Although their standard of living may not have been particularly lavish, the people of precapitalistic northern Europe, like most traditional peo- ple, enjoyed a great deal of free time. The common people maintained innumer- able religious holidays that punctuated the tempo of work. Joan Thirsk estimated that in the sixteenth and early seventeenth centuries, about one-third of the working days, including Sundays, were spent in leisure. Karl Kautsky offered a much more extravagant estimate that 204 annual holidays were celebrated in medieval Lower Bavaria.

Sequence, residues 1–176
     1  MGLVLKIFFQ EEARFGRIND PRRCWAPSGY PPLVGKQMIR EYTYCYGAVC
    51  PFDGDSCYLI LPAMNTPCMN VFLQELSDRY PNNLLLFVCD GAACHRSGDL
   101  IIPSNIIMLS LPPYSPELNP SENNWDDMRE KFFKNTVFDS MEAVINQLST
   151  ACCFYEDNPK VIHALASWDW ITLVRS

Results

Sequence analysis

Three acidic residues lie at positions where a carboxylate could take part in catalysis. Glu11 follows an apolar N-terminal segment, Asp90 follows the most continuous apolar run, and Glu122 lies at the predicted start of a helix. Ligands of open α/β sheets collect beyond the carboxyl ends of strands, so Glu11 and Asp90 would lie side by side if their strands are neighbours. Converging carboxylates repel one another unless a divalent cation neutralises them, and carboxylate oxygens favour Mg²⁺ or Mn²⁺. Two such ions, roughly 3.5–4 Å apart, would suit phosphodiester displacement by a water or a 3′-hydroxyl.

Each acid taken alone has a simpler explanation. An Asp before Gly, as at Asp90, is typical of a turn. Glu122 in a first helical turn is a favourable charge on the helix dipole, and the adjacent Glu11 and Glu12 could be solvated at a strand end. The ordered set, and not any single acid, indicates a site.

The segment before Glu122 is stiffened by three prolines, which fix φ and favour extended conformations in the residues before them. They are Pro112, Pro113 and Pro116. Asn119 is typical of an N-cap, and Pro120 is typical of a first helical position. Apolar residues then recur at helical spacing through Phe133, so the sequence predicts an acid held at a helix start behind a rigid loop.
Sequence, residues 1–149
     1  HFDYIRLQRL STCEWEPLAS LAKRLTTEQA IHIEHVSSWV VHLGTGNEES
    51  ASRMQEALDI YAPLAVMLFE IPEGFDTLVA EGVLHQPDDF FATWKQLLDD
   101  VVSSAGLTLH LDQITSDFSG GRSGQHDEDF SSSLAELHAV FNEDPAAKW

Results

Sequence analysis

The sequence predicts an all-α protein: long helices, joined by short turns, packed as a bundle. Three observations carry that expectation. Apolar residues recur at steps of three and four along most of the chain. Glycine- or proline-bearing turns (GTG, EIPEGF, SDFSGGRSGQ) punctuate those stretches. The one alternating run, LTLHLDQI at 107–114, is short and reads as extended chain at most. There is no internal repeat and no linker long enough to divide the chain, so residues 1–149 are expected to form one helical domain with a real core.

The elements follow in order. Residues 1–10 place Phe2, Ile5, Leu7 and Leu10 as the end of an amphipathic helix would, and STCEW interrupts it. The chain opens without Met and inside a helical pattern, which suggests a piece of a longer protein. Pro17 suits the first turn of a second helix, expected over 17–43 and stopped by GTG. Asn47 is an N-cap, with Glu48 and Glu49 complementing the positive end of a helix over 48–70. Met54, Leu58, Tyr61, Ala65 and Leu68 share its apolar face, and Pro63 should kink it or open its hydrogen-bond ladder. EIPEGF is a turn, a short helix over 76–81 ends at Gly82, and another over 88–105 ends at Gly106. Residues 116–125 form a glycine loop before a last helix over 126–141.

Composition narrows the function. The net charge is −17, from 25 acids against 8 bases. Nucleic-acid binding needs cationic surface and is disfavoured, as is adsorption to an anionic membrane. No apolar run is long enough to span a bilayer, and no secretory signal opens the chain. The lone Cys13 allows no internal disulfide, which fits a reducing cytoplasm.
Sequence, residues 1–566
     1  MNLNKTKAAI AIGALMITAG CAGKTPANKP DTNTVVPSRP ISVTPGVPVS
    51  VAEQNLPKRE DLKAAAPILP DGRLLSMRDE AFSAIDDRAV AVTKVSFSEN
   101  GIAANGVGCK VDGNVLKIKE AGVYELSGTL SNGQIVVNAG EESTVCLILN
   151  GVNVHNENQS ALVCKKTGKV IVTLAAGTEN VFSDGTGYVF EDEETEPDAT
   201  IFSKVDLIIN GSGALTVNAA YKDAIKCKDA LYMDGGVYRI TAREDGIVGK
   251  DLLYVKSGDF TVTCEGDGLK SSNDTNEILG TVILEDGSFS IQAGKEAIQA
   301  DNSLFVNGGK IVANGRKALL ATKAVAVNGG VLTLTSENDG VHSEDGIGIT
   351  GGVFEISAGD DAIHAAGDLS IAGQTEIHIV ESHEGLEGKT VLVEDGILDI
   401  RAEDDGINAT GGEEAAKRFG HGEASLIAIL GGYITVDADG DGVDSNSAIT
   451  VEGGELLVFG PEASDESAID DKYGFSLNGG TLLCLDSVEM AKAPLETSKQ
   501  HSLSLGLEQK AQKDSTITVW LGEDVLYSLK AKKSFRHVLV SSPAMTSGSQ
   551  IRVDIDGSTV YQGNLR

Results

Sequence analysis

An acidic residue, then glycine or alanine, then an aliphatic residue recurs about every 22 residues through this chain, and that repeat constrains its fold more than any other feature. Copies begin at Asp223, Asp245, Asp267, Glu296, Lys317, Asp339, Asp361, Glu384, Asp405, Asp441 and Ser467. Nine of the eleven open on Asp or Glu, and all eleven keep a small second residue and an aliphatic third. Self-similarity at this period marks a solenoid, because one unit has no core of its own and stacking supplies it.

Despite these frequent holidays, the peasants still managed to produce a significant surplus. In English feudal society, for example, the peasants survived even though the gentry was powerful enough to extract some- thing on the order of 50 percent of the produce. As markets evolved, the claims on the peasants’ labors multiplied. For in- stance, in southern France, rents appear to have grown from about one- fourth of the yield in 1540 to one-half by 1665.
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Primitive Accumulation and the Eradication of Holidays
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